“I could see how horrific it seemed as an animal to live that life just because we [humans] feel like feeding ourselves in a certain way,” Mara said. “I was disgusted and saddened by it and thought shame on me for not knowing of that or being aware of it sooner.”
The budding actress adopted a vegetarian diet after that encounter, but it would be a few more years until she went vegan, for a different reason entirely.
A vegan friend of Mara’s suggested she read The Beauty Detox by holistic wellness practitioner Kimberly Snyder in 2013, and it was the health argument that clicked. “So many people decide to go vegan when they have a crisis. When I read this book I realized, ‘Why wait for something terrible to happen to change your lifestyle?’” she explained.
She had her younger sister, Rooney, to lean on. An established actress and advocate in her own right, Rooney had adopted a vegan lifestyle about two years earlier after a disturbing animal abuse video sent her down the YouTube rabbit hole of how atrocious animal agriculture really is.
From vegan to advocate
It’s one thing to adopt a vegan lifestyle but another step entirely to lend a voice to countless animals, particularly for those in the spotlight. For Mara, though, the decision to become an advocate was easy, natural even.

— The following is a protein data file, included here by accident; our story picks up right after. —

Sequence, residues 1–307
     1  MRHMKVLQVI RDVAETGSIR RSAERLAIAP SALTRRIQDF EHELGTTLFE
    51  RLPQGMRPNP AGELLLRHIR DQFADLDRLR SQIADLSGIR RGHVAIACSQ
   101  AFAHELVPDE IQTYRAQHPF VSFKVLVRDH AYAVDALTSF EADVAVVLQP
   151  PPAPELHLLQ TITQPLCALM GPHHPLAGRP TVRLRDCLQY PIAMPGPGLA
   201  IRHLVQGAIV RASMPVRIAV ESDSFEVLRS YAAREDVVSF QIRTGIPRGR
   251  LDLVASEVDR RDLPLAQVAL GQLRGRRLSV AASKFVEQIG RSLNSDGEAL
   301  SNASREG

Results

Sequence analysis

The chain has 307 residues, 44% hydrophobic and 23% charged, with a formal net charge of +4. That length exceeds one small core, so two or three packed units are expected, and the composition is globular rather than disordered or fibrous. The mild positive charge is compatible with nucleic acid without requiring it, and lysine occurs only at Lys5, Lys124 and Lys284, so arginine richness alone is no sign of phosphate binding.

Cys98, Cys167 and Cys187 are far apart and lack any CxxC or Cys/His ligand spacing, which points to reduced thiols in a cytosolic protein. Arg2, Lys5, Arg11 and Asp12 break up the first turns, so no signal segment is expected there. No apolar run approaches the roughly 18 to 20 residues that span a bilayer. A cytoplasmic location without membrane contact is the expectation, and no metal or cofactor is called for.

“Sometimes being a voice for others is easier than being a voice for yourself. Even as a child, when I was shy, I felt more empowered when I was sticking up for someone else,” Mara said.
Her first point of animal advocacy was sparked by the shocking 2013 documentary, Blackfish, which revealed the animal abuse and tragic human accidents that had thus far been hidden by SeaWorld. She reached out to the filmmaker and offered her support.
“I wanted to be of service in whatever way I could be,” she said, as she helped spread awareness about the film through her network.
Since this first act of advocacy, Mara has played a seminal role in standing up for animals, from calling to an end to the horse-drawn carriages in New York City to working on her own 2022 documentary, The Smell of Money, to bring awareness to the environmental racism behind factory farming.
To remain up to date on issues, she keeps qualified company. “I’ve surrounded myself with people who do a lot for animals, and I learn from them constantly,” Mara explained. When asked how she determines which projects to support, she likened the decision-making process to acting. “It’s similar to acting or choosing a role. You don’t know about certain films or roles until they’re brought to you,” she said, explaining that she often discovers new issues through her knowledgeable friends and organizations, like the Animal Legal Defense Fund.
“If you’re not out there looking you wouldn’t necessarily know that certain things need your voice,” she said. “Social media is an amazing tool for things like this.”
Mara and the Animal Legal Defense Fund